For more on Korea′s response to the MERS outbreak and for the low down on the precautions you can take to protect yourself， we turn to our Connie Kim in studio.
Connie， mask sales have shot up due to growing concerns about disease transmission.
You had a chance to hit the streets to find out more， what did some of the people you spoke with have to say？
Well， almost anywhere in Korea， you′ll spot lots of people wearing masks to guard against infection，… even though health officials have said it′s highly unlikely that people will contract the virus outside hospitals where MERS patients are receiving treatment.
But that hasn′t been enough to calm public anxiety.
″I′m a bus driver in Seoul. Since I encounter countless people every day， I′ve started washing my hands more often.″
″I′m afraid I′ll get the disease. After I go into a store with lots of people， I always make sure to wash my hands.″
″I′m trying to stay away from crowded places，… especially movie theaters or stadiums，… just to be safe.″
Korea′s infectious disease alert level is currently at ″cautious″ the third highest of five levels.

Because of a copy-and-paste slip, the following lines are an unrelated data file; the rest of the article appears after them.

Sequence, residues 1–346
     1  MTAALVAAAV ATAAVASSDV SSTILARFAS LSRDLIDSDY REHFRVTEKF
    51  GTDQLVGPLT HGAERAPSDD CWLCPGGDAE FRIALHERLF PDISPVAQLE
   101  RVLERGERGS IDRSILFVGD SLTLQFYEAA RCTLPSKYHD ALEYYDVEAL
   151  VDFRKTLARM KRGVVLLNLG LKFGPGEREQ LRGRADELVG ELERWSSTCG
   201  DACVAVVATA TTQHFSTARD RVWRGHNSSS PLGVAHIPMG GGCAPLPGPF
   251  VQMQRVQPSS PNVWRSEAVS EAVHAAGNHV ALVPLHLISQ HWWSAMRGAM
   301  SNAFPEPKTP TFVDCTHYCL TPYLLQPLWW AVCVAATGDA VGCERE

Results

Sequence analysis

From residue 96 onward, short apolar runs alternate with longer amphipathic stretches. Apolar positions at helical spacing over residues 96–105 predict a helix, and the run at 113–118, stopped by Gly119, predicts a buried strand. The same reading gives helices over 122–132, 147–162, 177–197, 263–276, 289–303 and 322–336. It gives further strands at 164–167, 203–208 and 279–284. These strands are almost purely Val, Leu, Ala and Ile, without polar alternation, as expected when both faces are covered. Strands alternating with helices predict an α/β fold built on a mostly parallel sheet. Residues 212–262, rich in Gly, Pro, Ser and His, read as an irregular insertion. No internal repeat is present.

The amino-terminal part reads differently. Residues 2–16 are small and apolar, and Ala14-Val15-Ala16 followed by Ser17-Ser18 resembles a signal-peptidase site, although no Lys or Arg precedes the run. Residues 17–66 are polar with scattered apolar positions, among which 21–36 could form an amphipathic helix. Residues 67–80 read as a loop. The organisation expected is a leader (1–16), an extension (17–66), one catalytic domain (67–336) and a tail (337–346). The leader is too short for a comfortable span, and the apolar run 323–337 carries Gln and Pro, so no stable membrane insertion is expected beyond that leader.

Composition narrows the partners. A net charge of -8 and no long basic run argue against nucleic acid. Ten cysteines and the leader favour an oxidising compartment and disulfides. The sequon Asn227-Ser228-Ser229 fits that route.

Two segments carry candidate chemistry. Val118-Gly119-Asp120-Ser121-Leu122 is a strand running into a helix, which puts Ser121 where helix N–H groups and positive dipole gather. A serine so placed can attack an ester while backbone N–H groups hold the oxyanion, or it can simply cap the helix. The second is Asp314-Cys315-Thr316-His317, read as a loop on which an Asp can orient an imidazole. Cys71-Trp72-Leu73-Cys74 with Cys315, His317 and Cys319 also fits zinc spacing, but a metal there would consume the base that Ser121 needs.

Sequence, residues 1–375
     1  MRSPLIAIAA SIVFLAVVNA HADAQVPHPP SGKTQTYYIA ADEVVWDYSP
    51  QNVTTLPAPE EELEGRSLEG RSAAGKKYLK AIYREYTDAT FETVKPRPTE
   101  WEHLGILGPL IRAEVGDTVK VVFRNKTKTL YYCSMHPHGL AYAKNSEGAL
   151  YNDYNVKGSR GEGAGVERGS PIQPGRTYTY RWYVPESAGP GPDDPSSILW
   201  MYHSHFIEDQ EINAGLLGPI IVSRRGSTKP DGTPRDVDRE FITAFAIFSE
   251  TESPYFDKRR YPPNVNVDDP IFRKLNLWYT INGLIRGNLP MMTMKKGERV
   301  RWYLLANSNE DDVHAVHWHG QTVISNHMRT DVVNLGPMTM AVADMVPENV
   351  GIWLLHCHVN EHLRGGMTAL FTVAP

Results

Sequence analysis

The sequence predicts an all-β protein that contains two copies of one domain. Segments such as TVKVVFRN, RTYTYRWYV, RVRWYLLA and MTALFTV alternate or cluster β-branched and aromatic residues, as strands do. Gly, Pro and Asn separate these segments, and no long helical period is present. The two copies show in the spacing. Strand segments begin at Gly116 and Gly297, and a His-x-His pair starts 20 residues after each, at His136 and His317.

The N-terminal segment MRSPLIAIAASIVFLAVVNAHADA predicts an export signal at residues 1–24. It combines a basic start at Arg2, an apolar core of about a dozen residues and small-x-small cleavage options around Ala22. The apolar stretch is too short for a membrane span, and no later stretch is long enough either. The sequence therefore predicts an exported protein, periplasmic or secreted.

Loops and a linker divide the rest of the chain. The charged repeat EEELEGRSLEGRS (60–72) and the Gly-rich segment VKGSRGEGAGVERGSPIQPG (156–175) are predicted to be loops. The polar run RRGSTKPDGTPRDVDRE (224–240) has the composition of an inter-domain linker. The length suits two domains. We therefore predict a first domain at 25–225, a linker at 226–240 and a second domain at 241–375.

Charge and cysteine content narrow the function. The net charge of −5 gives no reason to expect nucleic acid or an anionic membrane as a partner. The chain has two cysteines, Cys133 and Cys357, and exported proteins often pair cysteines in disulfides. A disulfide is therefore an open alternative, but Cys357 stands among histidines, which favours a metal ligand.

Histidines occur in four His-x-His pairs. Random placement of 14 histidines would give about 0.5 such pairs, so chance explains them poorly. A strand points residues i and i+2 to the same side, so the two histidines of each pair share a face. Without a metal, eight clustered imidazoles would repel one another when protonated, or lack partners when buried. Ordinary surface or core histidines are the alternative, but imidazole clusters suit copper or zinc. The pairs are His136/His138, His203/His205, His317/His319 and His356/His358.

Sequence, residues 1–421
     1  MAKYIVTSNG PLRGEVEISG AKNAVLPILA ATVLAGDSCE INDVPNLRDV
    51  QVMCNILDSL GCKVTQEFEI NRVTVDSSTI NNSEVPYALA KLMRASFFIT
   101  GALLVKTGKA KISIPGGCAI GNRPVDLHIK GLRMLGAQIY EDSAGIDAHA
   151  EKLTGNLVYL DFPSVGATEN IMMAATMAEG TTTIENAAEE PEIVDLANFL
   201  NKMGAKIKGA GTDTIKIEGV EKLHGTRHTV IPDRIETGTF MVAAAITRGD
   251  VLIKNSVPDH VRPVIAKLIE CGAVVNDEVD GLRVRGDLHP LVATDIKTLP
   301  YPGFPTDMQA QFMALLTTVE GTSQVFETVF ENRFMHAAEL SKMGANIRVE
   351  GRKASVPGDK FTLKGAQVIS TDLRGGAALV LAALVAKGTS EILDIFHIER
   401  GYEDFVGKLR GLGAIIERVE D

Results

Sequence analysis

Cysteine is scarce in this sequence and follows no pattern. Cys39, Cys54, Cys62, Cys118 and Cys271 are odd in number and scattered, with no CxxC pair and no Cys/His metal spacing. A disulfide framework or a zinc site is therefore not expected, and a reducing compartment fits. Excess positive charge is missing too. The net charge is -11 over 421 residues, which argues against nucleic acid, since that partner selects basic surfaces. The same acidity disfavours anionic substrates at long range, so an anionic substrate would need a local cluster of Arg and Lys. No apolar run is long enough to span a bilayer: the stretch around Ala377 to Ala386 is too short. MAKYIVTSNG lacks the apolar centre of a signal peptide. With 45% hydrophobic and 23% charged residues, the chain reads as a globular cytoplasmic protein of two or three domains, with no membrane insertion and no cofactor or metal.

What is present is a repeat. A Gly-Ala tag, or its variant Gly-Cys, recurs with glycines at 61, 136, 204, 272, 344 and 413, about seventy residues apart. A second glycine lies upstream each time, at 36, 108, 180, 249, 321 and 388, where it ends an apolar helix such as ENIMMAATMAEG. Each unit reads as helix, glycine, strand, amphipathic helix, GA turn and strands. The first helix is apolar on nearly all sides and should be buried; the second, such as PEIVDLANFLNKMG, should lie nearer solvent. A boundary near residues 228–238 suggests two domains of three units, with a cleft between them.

At this level， the government designates hospitals authorized to provide treatment for the disease.
There was some speculation that the level would be raised a notch to a warning， under which an emergency response system is in 24－hour standby mode， but that hasn′t happened yet.
Speaking of the alert level， people are very upset with the government′s lax and tardy response. But what about health experts do they feel the same way about the government′s initial response？
Well， a former director of the Korea Centers for Disease Control and Prevention said the government failed to implement the appropriate initial response measures.
It took days before health authorities knew that patient zero was infected with MERS.
Making things worse， Korea wasn′t able to quickly track down the people the first patient had contact with，… resulting in secondary and tertiary infections.
Still， the professor says the country has enough treatment facilities to handle any new cases.
″Looking at the number of infected patients， we have enough treatment facilities for MERS patients. And even if we see an explosive rise in the number of patients in the coming days， the country will simply designate more hospitals authorized to treat MERS patients.″
Currently， there are 17 designated hospitals with special containment wards capable of blocking the virus′ spread that′s a total of 105 beds.
Professor Jeon added that containment and quarantine measures are the priority at the moment.
What do the experts have to say about how long the outbreak may continue？
Well， it′s too early to tell when the virus′s spread will slow down.
May 20th was when the first MERS patient was isolated.
The 14－day incubation period for that first patient has passed， but there are lingering concerns because secondary and terti